• The sample only includes those aged 25-55 to
    separate the worksite decision from the school or
    retirement decision.
  • Special weighting to make the samples of onsite
    and homebased workers approximately equal

The Econometric Model
  • There are three separate, but related questions
    that have to be answered by an econometric model
    and our data. First, are those with disabilities
    more or less likely to out of the labor force?
    Second, for those who are in the labor force, are
    the disabled more or less likely to be a
    home-based worker? Third, was there any change
    in the first two questions between 1990 and 2000?
  • To answer these questions, I used a multinomial
    logistic regression model (mlogit) and the IPUMS
    data for 1990 and 2000.
  • The mlogit regression is used because the
    dependent variable is a polytomous variable.
  • The dependent variable, workstate, has only 5
    choices out of the labor force, on-site
    employee, on-site self-employed work, home-based
    employee and home-based self-employed worker.

Marginal Effects
  • After calculating the mlogit coefficients, I will
    determine the marginal effects that is, the
    change in the predicted probabilities of being in
    each category connected to changes in the
    explanatory variables.
  • Marginal effects look at a one unit change in the
    explanatory variables when the variables are
    continuous, and the change from 0 to 1 in
    dichotomous variables.
  • Focus on the marginal effects related to
    disability type to answer questions like
  • What is the change in the predicted probability
    of being an on-site employee when a person has a
    work disability compared with not having a work
  • What is the change in the predicted probability
    of being a home-based employee when a person has
    a personal care limitation compared with those
    who do not?

Independent Variables
  • Using the data from 1990, the independent
    variables of the regression were age, age
    squared, education level, education level
    squared, age multiplied by education level,
    married, white, black, hispanic, presence of
    children in the household in the following age
    categories under one, one to two, three to
    five, six to twelve, and thirteen to seventeen,
    rural status, welfare recipient status, Social
    Security recipient status, other income and one
    of the three different disability measures a
    disability that limited work, a mobility
    disability and a personal care limitation.
  • The regression was the same for 2000, but
    included SSI recipient status and three other
    disability measures physical difficulty,
    difficulty remembering and vision and/or hearing
  • These four variables were not added to the IPUMS
    data until 2000.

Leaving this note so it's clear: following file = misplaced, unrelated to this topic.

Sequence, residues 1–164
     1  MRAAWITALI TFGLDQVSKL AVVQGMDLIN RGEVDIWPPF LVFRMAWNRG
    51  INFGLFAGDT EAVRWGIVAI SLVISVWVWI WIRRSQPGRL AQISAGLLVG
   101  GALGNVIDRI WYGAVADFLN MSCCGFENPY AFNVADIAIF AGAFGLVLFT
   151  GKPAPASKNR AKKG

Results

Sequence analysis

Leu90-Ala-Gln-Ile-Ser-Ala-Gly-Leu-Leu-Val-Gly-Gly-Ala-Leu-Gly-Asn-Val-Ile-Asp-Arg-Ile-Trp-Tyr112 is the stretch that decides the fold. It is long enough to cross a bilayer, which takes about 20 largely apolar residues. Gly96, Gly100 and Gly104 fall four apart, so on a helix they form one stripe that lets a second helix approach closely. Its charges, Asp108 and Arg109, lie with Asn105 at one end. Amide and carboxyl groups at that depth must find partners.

• The logit regressions were weighted with the
    home-based vs. onsite weighting described

How Can We Separate the Effect of the ADA from
other Effects?
  • The protections of the ADA only apply to
    employees those who choose or are forced to
    choose to work for themselves do not get the
    protection of reasonable accommodation.
  • We can look at how the marginal effects of the
    home-based and onsite employees changed relative
    to the self-employed workers to see the impact of
    this legislation on the labor force participation
    of the disabled.

Table 6
Table 7
Table 8
Table 8, continued
Table 9
Table 9, continued
Table 10
  • In 1990, having a disability drastically
    decreased the probability of working as an
    on-site employee.
  • The disability limiting work category,
    understandably, decreased the probability the
    most by 24 percent.
  • A person who had a mobility disability in 1990
    was almost 13 percent less likely to be an
    on-site employee.
  • In 2000, these effects changed in a remarkable
    way. Now, an employee with a work disability was
    1.1 percent more likely to work on-site.

Results, continued
  • Home-based employees
  • In 1990, having a work disability or a mobility
    disability slightly increased the probability of
    being a home-based employee.
  • Having a personal care limitation slightly
    decreased that probability, by .1 percent.
  • For the most part in 2000, disability status
    slightly increased the probability of being a
    home-based employee.

Results, continued
  • The self employed
  • In general, the changes in probabilities for
    self-employed workers were either negative or
    much more muted in a positive way, than for those
    who were employees.
  • This lends credence to the fact that the ADA may
    have had a positive influence on the employment
    situation of those with disabilities, giving them
    more options to work.

  • Between 1990 and 2000, the disabled were more
    likely to be working and less likely to be out of
    the labor force.
  • The vast majority of those who entered the
    workplace went to onsite jobs, but home-based
    work provided an important place as well for
    increased labor force participation of the
  • As the digital age continues to thrive, there is
    greater and greater place for home-based work
  • The onsite world of work will always be dominant,
    but the reasonableness of working from home
    increases with every technological advance.